And thus began what grew into one of the most remarkable, purest, most incredible relationships I am ever likely to have on this earth.And indeed, when she wrote this time, Kristy was about to turn thirty and she wanted to tell me the rest of the story.

TBC. Read on to find out some of the things Kristy told me. Of the torture she endured in order not to make that accusation, the child she became pregnant with and was forced to "throw in a landfill," and the multiple personalities she developed to cope with such extreme abuse.


  1. Debra,

    Oh my heart was racing as I read about you and Kristy. I can't even imagine the horror of enduring such an ordeal. It obviously haunted you and Kristy for years when you were not in touch with each other.

    What a gift from God, to heal both your broken hearts, as you received that loving note from Kristy asking your forgiveness. This is the Lord's way of reassuring you that He knows the truth about what happened, and what your intentions were!

    Thank you for candidly sharing your story; Kristy's story. Per your request, I will pass along your blog to others who need to know of this.

    Praying God's angels of protection will continue to surround you and Kristy, and that your friendship deepens over the years.

    Mary Singer Wick
    author, Amazon #1 bestseller "My Heart's Desire: A Journey Toward Finding Extravagant Love"

  2. Oh Debra,

    What a heartbreaking story, yet there is great encouragement to be found. What a gift that God has brought Kristy back into your life again! This is proof to you that He knows your intentions were good.

    I hope you and Kristy find great healing and joy in your friendship. Thank you for candidly sharing with us what a horrible ordeal you have both endured. Per your request, I will share this blog with others.

    Praying God's angels will minister to both of you,

    Mary Singer Wick
    author, Amazon #1 bestseller "My Heart's Desire: A Journey Toward Finding Extravagant Love"

  3. Ahh Mary, your words both do my heart good and make it weep. Keep reading and at the end, tell me what you think God's intent is. I so like to think that this is about doing the right thing...pure intent.

    The question becomes....when I have finished writing the story on this blog...then how do I proceed to help Kristy and the far too many others like her.....?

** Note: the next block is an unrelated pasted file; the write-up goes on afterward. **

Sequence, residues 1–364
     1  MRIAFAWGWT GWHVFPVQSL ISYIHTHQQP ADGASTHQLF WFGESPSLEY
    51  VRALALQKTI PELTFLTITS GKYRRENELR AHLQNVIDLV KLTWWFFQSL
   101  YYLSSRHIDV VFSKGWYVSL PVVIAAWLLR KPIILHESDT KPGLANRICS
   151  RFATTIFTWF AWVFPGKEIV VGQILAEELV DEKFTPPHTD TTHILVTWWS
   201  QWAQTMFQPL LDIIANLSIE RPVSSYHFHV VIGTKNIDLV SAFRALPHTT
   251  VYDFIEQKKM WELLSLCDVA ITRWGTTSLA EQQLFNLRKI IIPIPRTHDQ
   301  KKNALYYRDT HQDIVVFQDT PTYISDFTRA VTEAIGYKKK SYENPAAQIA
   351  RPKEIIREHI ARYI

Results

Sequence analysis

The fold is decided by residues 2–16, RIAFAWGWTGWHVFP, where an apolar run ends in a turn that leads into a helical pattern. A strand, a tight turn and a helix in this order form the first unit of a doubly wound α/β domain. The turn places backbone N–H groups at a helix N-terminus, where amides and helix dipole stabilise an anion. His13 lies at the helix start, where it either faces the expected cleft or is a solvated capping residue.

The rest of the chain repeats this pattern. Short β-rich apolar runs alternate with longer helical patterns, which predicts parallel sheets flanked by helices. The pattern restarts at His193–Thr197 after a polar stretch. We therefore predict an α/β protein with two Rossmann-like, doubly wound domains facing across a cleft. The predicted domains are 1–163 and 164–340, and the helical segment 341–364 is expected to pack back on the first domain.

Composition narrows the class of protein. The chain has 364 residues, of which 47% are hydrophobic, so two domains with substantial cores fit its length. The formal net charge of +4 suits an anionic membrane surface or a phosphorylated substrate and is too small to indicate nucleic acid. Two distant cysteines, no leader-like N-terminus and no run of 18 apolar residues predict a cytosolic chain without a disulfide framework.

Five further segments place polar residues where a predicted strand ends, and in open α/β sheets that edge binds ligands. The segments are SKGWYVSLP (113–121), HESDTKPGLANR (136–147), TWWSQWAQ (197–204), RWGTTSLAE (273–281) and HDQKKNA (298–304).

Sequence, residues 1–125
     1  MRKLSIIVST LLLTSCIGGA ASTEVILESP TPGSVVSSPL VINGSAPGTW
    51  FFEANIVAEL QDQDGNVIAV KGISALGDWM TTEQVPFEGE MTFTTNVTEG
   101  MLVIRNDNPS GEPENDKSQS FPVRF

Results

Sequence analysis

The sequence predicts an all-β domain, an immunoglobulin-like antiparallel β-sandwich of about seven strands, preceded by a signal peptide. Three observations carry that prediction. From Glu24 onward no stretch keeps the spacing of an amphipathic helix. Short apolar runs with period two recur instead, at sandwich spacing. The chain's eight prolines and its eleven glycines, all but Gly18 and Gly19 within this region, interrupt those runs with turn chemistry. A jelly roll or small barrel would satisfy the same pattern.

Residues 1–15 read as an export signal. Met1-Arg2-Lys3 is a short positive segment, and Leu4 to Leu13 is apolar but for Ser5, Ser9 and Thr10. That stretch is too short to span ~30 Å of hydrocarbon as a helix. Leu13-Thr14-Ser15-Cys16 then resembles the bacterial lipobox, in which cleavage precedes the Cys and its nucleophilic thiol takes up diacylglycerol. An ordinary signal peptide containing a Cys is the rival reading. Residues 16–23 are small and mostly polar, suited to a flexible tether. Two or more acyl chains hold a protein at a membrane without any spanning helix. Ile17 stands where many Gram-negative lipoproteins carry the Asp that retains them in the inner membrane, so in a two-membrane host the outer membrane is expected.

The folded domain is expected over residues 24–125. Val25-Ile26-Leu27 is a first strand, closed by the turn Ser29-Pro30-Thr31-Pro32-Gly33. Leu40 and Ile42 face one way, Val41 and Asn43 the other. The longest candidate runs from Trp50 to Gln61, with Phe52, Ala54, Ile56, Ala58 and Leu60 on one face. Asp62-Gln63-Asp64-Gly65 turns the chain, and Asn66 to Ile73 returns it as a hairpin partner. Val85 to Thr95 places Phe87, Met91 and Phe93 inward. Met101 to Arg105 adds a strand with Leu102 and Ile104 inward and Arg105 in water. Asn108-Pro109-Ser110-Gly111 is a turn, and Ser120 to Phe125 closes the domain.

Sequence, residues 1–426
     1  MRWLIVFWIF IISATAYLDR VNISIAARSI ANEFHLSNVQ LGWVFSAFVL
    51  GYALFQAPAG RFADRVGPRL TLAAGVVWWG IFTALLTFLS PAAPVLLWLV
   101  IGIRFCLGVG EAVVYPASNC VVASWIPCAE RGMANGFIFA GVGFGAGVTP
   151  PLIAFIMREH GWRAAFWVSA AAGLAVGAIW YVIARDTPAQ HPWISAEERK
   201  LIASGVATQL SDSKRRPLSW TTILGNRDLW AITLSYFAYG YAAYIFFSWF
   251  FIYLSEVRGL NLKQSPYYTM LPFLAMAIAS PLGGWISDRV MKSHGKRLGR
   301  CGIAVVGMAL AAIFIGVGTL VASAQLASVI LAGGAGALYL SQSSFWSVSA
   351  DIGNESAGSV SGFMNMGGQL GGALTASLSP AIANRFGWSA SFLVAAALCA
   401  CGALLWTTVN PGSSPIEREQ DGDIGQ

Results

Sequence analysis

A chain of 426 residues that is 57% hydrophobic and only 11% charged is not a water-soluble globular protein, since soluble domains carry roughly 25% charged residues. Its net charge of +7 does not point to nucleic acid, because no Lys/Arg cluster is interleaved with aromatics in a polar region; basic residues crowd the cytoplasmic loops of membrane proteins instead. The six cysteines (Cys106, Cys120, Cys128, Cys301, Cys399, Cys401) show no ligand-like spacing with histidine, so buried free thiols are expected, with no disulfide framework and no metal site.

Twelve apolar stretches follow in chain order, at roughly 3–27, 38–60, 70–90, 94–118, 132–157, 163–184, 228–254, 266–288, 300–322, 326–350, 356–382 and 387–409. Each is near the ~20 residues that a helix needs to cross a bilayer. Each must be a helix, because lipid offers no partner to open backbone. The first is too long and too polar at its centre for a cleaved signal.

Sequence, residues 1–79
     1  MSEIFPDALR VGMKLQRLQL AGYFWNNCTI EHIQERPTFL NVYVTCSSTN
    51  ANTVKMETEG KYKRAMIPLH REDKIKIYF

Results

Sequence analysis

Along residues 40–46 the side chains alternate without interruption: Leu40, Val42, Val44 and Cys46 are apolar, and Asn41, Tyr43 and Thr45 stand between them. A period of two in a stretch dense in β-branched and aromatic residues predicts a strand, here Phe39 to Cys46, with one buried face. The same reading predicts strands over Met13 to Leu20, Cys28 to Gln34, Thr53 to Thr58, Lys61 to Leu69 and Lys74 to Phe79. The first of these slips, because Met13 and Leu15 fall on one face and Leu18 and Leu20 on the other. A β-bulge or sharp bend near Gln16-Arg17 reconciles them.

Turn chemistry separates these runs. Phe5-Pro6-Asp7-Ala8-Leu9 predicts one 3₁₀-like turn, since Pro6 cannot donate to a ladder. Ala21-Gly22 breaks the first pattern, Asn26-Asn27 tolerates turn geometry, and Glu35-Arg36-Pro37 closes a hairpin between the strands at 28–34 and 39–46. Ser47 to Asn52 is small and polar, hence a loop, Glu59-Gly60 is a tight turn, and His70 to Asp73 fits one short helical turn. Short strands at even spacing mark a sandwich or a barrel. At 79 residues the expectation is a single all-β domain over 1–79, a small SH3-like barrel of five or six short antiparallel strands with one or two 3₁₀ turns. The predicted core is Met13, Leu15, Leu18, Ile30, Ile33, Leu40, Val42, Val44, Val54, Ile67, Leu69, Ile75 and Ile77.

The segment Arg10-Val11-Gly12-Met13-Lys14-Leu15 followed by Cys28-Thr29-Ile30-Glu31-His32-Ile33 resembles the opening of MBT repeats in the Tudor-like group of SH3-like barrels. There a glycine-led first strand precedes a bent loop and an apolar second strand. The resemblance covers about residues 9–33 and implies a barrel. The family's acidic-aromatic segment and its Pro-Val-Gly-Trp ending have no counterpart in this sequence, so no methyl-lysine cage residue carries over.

4. Debra,

    I'm glad you wrote a disclaimer at the beginning of Kristy's story acknowledging its graphic content. I couldn't get past the first few sentences. It was all the horror I could bear. How much more unthinkable for Kristy, and you as her teacher/friend, to have endured this nightmare.

    There are no words that can fully express the outrage I feel. I can tell you this, God is angry too. He clearly speaks throughout the Bible of the punishment that awaits those who abuse innocent children.

    Contrary to what others may say, God tells us to pray for our enemies. Jesus said in Matthew 5:44- 45 "But I tell you: Love your enemies and pray for those who persecute you, that you may be sons (and daughters) of your Father in heaven." The fate that awakes them (unless they repent--turn away and commit no more evil) of their sins and ask God's forgiveness, they will receive much worse from the Lord than they did to Kristy.

    God is a a loving Father who hates injustice. Keep bringing this situation before Him in prayer and He will heal both your hearts. Many people might ask the question, "How can this happen to children like Kristy if God is good?" The reason this horrible abuse happens is because the heart of man (apart from the saving grace of God when we surrender our wills to Him and believe His Son Jesus died for our sins)is wicked above all things. What's going on in the world is evidence of how evil man is, not God.

    Anyone who says that man/woman is basically good just needs to look at how messed up the world is as we push God further away from our lives, our schools, our jobs, and our hearts.

    I can't begin to know what you and Kristy have suffered, but please turn to the One who can truly heal all the pain and give you song of praise instead of despair. He's longing to surround you with His protective arms. Pray and ask Him what is the right course of action to take. He has promised to provide this. "Trust in the Lord with all your heart and lean not on your own understanding; in all your ways acknowledge (thank and praise) Him, and He will make your paths straight (clear)" Proverbs 3:5-6.

    Hope this is helpful to you, Debra. Praying for you and Kristy. Keep me updated.

    Blessings and love,

    Mary Singer Wick

  5. Mary,

    Yes...such a feeling of outrage. It is profound.

    I need to reflect on your thoughts. I have always been one who believes mankind is essentially good, but I have always had that belief while keeping God close to my heart--never pushing God or that Higher Power away.

    If you can bear to keep reading, at the end, it will be good to hear your thoughts (as well as along the way, too of course!).

    Thank you for your words Mary and for your outrage.